In an attempt to bridge the gap between tourism researchers and practitioners, Dr. Lane has created and is the editor of TRiP Reports©: Tourism Research in Practice, a research-to-practice blog reporting results of tourism studies as news stories for industry practitioners.


Elaine McLaughlin


McLaughlin is currently a visiting professor in department of Tourism, Recreation and Sports Management at the University of Florida. McLaughlin who served as executive director of the Beaches of Fort Myers & Sanibel Visitor and Convention Bureau for over 12 years has an impressive local, state and national record. Twice named as one of the leading women in tourism by Travel Agent Magazine, McLaughlin led the Bureau in innovative programs that fully integrated the tourism industry with the overall goals of County government. McLaughlin began her career in local government management. She has had over 20 years experience working with budget, finance, transportation, tourism, and community development.

Cynthia Willming 


Cynthia Willming, Ph.D., joined UF in 2009 as an Adjunct Faculty Member.  Willming came to UF from Bethune Cookman College where she was chair of the Recreation Administration Program. Willming was also an assistant professor of Marketing and Leisure Service Delivery at California State University, Chico.

Willming’s area of research in tourism studies focused on the leisure travel behaviors of African Americans and their perceptions of racial discrimination while traveling for pleasure.  The focus of this research has been to examine perceived racial discrimination based on sociological factors.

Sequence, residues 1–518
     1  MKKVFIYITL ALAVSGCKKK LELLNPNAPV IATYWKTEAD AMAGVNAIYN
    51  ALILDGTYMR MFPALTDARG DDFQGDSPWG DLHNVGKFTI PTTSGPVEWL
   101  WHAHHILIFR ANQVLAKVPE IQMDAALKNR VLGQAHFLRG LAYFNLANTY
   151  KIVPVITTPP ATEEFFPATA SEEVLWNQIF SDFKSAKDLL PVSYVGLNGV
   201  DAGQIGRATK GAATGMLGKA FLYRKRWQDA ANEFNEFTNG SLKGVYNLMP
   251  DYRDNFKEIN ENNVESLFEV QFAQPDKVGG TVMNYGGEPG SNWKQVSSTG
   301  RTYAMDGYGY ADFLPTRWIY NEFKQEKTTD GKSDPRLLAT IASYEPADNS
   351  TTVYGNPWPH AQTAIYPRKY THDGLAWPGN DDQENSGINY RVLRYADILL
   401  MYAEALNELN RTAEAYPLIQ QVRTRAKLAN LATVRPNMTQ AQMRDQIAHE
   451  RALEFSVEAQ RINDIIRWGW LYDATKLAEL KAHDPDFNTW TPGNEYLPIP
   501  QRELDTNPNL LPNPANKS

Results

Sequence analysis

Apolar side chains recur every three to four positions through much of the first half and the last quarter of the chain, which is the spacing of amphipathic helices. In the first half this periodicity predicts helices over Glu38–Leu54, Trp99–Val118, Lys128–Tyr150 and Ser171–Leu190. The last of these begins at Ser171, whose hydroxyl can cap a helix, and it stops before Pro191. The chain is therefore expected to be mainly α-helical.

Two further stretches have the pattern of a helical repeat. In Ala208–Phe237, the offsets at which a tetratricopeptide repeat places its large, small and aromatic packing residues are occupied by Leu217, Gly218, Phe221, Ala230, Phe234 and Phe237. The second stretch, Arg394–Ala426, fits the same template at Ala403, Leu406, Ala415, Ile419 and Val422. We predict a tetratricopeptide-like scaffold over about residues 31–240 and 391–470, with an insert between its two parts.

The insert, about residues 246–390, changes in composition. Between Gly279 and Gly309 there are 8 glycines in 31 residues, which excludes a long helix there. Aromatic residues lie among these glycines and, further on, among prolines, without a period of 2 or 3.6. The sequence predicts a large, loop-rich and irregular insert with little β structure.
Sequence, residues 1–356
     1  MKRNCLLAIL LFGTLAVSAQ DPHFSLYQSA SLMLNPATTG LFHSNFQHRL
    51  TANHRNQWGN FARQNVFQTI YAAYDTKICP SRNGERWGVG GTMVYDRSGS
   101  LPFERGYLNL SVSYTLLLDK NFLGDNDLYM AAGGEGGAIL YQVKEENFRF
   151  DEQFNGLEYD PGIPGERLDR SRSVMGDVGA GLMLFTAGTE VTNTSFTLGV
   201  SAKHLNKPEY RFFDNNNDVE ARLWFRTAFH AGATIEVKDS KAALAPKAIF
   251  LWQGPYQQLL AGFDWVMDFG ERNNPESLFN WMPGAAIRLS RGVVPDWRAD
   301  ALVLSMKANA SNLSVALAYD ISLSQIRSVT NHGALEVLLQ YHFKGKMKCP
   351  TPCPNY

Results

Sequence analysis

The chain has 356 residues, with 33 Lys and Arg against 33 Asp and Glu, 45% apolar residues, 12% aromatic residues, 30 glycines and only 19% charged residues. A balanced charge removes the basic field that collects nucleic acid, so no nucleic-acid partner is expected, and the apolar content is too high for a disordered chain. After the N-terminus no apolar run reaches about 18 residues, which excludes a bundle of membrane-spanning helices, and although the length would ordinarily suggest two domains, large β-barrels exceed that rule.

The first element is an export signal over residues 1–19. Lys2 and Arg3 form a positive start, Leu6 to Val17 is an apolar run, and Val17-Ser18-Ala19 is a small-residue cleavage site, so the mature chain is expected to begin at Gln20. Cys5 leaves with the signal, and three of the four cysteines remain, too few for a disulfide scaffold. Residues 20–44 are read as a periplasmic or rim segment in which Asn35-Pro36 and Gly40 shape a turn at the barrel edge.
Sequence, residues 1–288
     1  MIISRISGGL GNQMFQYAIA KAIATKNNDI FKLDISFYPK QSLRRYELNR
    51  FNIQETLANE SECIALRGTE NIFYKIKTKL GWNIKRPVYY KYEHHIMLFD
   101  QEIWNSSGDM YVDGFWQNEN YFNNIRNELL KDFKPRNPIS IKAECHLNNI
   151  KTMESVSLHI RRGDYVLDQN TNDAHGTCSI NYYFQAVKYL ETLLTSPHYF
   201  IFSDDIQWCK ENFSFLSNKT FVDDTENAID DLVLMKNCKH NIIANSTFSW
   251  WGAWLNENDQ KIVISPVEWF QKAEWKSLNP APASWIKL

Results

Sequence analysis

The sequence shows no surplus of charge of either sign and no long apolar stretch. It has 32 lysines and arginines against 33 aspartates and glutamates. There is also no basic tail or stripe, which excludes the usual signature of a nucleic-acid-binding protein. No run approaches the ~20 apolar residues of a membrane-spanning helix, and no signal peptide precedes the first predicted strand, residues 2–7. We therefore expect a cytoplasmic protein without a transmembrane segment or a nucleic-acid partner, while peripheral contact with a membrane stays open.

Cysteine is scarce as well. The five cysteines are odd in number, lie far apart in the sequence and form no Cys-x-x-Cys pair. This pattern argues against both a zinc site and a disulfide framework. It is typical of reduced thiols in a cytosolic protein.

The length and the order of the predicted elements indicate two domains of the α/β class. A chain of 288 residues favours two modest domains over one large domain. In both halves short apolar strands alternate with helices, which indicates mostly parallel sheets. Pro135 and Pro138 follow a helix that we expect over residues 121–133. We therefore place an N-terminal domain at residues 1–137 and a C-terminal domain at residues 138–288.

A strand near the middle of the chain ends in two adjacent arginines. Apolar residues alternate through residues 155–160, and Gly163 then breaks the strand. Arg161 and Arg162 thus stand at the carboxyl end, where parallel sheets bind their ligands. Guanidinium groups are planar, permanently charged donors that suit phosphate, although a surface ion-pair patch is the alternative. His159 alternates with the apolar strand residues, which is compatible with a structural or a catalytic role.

Galina Simanovskaya


Galina was born in Nizhny Novgorod, Russia. In 2006 after graduating from high school she got admitted to Nizhny Novgorod state University of Lobachevsky, Department of International Relations majoring in International Relation. Galina focused on international security and studied extremism and extremist organizations. She was a coordinator for Nizhny Novgorod International Model UN throughout 2010-2011. She graduated with her Bachelor’s in 2011 and got admitted to University of Florida (USA) Master’s Program in Recreation, Parks and Tourism. She graduated with thesis “Destination Nizhny Novgorod, Russia through the eyes of domestic tourists: destination performance, risk perception and post-visitation behavior”.  Throughout her Master’s Program she worked as a Graduate Assistant on the Project “Capacity Building Partnership to Improve Tourism Education, Research, and Industry Outreach: University of Florida, USA and Nizhny Novgorod State University, Russia”.